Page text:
Focke-Wulf Fw 191

The Focke-Wulf Fw 191 was a medium bomber designed in response to the German Air Ministry's 'Bomber B' specification of 1939, but that was let down by the failure of the engines it was designed to use and that never entered production.

The 'Bomber-B' programme called for a twin-engined aircraft capable of reaching any part of the British Isles. It was to have a top speed of 600km/h (373mph) and a payload of 4000kg (8,820lb). The aircraft was to be useable as either a high-altitude or dive bomber, reflecting the same obsession with the dive bomber that would cause so many problems in the development of the Heinkel He 177. The aircraft was to have a pressurized crew compartment and remote-controlled armament. The biggest weakness with the programme was that it relied on two engines that were still under development - the Junkers Jumo 222 and the Daimler-Benz DB 604. Both of these engines were expected to produce around 2,500hp, giving the bomber around 5,000hp.

Four companies submitted designs in response to the 'Bomber B' specification - Arado with the Ar 340, Dornier with the Do 317, Junkers with the Ju 288 and Focke-Wulf with the Fw 191.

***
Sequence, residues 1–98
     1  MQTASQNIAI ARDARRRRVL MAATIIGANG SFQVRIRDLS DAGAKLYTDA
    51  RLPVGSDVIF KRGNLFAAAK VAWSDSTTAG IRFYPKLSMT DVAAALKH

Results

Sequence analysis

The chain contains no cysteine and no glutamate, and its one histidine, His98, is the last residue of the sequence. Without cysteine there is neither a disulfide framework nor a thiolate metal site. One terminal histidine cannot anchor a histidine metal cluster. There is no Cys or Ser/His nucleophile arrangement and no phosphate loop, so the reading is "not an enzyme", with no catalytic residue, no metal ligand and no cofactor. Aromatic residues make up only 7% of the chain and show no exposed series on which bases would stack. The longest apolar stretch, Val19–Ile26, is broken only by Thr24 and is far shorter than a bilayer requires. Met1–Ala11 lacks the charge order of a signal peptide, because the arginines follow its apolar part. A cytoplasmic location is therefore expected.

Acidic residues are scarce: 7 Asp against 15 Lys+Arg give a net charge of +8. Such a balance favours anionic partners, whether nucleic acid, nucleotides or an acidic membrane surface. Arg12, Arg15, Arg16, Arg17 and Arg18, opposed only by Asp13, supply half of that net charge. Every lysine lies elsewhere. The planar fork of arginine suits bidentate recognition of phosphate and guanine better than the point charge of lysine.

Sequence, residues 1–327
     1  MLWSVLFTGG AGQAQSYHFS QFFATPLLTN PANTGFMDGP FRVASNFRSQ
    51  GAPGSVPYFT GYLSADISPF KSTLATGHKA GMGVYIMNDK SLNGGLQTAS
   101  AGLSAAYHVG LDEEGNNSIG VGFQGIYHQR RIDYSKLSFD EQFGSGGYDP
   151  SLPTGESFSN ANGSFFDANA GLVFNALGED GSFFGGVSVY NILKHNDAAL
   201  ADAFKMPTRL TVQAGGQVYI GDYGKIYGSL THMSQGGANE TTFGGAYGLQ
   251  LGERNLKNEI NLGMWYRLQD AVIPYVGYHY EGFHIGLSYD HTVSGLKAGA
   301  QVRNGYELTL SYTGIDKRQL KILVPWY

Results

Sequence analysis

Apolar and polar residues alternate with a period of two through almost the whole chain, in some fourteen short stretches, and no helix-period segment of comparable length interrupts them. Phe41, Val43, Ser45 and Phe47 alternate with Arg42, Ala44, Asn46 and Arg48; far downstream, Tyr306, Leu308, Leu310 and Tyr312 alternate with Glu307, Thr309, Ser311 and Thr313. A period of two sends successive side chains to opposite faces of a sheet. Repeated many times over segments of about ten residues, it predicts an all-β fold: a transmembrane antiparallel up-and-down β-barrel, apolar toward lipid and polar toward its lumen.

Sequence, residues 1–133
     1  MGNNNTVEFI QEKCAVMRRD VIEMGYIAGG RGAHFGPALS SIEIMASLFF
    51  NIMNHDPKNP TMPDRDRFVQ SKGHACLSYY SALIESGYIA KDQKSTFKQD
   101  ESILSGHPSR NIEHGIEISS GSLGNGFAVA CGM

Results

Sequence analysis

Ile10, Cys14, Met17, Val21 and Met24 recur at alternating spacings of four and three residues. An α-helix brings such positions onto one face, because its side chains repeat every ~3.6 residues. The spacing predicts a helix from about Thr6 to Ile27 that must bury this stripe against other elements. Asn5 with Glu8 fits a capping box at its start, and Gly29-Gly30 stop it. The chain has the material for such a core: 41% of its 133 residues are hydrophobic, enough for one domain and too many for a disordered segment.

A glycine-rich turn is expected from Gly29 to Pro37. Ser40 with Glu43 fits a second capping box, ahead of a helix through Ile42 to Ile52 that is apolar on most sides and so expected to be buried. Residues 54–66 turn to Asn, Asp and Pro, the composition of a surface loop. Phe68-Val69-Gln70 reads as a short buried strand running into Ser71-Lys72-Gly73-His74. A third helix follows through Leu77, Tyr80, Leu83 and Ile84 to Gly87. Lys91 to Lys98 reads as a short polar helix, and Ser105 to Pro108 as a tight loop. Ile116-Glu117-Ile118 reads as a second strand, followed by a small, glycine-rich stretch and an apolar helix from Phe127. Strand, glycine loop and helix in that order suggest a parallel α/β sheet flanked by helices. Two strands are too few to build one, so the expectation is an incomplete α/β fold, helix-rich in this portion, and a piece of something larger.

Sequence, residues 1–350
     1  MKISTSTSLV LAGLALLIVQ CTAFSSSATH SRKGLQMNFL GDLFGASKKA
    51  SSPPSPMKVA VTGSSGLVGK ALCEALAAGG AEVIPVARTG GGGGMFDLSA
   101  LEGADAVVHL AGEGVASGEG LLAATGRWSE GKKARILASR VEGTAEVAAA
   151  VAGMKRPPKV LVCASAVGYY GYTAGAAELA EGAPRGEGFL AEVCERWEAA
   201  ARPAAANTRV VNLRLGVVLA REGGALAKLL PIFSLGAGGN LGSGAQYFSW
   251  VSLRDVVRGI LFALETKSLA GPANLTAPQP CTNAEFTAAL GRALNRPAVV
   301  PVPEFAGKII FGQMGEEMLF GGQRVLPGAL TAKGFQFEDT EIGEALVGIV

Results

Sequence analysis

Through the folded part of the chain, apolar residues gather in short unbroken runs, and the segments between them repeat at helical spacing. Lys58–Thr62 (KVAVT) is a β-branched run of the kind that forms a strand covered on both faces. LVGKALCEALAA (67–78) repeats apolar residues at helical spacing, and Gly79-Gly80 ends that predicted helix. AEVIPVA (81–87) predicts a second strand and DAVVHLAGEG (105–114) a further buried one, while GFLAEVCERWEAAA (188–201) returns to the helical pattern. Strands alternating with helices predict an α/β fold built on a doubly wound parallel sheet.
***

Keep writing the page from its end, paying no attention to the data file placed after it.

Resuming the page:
Of the four designs the Arado Ar 340 was rejected outright and the Dornier Do 317 was given a low priority development contract. Focke-Wulf and Junkers were both given full development contracts, but with conditions. Junkers were to build the Ju 288 with as many hydraulic systems as possible, while Focke-Wulf were to use electrically powered systems wherever they could, including on all of the control surfaces. As a result the Fw 191 earned the nick-name of 'Fliegendes Kraftwerk', or 'flying power station'.